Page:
TAIPEI -- Intel Corp. has shipped samples of its next- generation 0.13-micron process Pentium 4 Northwood processor to Taiwan's key motherboard makers, preparing for a late fourth quarter launch.
ASUSTek Computer Inc. and Gigabyte Technology Co. officials
interviewed Tuesday at the Computex computer show confirmed
they are starting to prepare Northwood boards for the expected
2-GHz processor. Engineering specialists staffing Computex booths of the other Big Five motherboard makers said they couldn't comment.
Other exhibitors said all of the major Taiwan vendors have
Northwood samples and are starting to talk to their PC OEMs for
possible orders later this year.
Jonney Shih, chairman of ASUStek, told EBN, "The market outlook
for Northwood is quite healthy. It should be a big success."
Jonathan Tsang, vice president of sales and marketing, said, "We
are talking to customers to have (Northwood) boards ready in late fourth quarter for the Intel launch. Intel is being very conservative, and wants to be sure Northwood is very stable when it is introduced."
Gigabyte officials said they have started preliminary testing of
Northwood boards in the company labs. They said Northwood, as
expected, will use Intel's new 478-pin socket being introduced next quarter with a new version of the current Pentium 4 Willamette, supported by the new Intel Brookdale SDRAM chipset.
From its start, the new 0.13-micron design rule Northwood Pentium 4 will use the Brookdale DDR chipset version, according to Gigabyte.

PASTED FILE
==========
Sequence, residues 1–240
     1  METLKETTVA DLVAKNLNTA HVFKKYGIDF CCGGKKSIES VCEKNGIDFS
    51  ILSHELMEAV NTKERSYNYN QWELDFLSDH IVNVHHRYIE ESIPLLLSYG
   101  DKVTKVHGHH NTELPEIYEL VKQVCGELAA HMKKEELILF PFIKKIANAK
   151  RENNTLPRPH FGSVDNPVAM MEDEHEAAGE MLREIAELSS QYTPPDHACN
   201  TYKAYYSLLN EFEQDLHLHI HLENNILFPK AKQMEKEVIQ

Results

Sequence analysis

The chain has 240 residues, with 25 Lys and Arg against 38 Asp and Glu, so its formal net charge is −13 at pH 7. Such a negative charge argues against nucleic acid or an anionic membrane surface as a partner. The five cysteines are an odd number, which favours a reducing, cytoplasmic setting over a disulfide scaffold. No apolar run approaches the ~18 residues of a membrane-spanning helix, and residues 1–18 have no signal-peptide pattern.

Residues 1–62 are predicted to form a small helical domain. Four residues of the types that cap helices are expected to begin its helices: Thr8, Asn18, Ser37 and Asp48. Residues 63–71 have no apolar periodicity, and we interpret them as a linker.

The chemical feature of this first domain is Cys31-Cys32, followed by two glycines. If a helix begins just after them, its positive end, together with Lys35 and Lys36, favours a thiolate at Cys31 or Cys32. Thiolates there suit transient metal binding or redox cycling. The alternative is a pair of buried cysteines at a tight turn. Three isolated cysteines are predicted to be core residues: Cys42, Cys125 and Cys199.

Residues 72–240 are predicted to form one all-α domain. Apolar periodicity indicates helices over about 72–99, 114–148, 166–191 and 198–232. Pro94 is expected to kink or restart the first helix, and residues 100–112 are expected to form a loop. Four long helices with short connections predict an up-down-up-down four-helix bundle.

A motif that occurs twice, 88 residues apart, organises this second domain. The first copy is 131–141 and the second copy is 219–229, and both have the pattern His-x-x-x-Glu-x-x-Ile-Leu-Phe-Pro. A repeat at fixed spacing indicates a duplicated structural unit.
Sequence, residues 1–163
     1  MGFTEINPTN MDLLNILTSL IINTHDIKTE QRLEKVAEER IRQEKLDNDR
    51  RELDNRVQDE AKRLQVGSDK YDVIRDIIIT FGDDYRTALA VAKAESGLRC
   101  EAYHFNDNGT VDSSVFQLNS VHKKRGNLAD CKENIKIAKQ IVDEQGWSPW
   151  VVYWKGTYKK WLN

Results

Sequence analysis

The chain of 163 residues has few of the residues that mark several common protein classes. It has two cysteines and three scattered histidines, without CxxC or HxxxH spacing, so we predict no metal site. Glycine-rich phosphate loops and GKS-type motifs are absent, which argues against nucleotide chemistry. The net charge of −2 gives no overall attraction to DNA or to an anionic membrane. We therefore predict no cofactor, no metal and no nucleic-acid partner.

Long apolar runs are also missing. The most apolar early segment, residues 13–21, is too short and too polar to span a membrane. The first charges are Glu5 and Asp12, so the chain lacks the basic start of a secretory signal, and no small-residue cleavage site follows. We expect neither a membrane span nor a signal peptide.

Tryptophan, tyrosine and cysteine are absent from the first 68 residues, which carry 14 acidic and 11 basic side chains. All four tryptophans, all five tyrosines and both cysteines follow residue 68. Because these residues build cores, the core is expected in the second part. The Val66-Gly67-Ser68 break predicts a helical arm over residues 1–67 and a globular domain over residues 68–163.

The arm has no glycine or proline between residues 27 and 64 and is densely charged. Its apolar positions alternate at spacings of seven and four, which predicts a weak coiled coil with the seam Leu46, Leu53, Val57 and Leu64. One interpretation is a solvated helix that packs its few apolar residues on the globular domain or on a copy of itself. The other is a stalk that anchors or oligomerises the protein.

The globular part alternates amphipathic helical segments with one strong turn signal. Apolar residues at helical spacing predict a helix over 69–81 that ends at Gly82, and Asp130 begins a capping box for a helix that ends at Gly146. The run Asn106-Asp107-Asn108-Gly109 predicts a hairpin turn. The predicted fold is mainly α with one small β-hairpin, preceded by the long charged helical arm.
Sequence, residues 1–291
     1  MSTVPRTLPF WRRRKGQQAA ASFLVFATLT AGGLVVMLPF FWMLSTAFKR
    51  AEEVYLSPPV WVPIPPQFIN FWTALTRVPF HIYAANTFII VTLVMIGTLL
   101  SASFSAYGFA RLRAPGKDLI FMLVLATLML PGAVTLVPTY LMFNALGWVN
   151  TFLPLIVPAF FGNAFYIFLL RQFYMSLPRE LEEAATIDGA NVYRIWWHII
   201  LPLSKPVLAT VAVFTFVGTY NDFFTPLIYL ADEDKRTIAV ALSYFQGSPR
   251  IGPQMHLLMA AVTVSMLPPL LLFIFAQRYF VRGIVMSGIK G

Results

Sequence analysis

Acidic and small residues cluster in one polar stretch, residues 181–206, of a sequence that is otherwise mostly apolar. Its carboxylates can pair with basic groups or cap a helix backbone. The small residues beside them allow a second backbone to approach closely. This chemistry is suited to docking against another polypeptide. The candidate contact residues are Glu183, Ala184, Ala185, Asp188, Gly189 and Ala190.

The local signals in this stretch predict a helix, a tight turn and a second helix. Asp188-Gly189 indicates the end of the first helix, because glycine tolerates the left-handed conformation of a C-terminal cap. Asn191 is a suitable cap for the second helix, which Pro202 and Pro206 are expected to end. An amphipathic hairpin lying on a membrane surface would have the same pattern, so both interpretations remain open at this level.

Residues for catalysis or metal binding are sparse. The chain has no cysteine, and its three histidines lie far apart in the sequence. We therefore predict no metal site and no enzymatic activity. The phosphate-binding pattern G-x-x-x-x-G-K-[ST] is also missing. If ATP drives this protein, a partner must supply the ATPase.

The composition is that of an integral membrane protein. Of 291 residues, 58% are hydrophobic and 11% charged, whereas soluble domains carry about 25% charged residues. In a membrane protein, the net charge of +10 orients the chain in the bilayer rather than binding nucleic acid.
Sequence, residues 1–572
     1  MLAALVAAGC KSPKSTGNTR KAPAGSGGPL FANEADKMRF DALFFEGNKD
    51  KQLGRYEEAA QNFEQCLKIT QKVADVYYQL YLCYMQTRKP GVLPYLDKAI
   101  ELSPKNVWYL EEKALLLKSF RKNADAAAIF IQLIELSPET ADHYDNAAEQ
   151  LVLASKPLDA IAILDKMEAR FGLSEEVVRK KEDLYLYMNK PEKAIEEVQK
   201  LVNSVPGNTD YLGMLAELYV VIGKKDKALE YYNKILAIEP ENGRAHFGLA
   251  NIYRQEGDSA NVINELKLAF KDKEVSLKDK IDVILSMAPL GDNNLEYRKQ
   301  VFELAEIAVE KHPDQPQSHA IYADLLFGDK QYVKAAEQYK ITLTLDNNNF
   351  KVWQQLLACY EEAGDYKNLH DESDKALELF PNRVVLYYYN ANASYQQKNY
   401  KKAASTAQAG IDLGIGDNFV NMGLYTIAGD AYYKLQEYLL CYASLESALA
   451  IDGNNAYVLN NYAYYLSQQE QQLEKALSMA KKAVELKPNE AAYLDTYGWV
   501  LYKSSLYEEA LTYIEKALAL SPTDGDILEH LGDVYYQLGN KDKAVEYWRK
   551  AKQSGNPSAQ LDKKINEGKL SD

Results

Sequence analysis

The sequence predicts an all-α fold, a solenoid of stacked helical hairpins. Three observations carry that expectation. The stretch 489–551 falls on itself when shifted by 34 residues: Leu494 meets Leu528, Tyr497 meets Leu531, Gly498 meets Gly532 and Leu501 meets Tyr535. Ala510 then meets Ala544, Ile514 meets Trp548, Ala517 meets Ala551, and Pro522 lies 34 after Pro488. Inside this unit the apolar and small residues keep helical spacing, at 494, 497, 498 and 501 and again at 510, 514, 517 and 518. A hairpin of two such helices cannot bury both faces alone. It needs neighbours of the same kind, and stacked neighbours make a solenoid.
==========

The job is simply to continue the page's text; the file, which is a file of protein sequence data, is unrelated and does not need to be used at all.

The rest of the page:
In a new show of independence, the Taiwan motherboard firms at
Computex were displaying Intel and archrival Advanced Micro
Devices boards next to each other. Several years, ago fearful of
Intel retaliation if they sold AMD boards, the major Taiwan vendors formed separate subsidiaries to sell AMD boards.
Ivan Ho, ASUStek president, told EBN that his firm in another three months will be shipping AMD Athlon 4 boards with the new Nvidia nForce integrated graphics processor-core logic chipset. "The timing depends on the availability of the Nvidia chipset," he added.
Asked about concern of some analysts that the Nvidia chipset
might be priced too high, Ho said he believed "it will be competitive. Otherwise it won't sell."
He said ASUStek had no plans to make boards for newcomer's
Transmeta Corp.'s Crusoe processors.
The big Taiwan motherboard firms are looking for the new Intel and AMD processors to spur sales in the global PC market slowdown.
ASUStek Chairman Shih said that his firm's board shipments had
only turned down in the last two months. "In the first quarter when the overall PC market slumped, ASUStek board shipments were
very good. Our 1.6 million units shipped in March actually was a
record high for us."
Shih said PC board shipments for the first part of June "are showing signs of coming back." Ironically, ASUStek shipments to the China market, which has been hailed as the one region retaining a strong growth rate, "have slipped a little in the last two weeks," Shih added.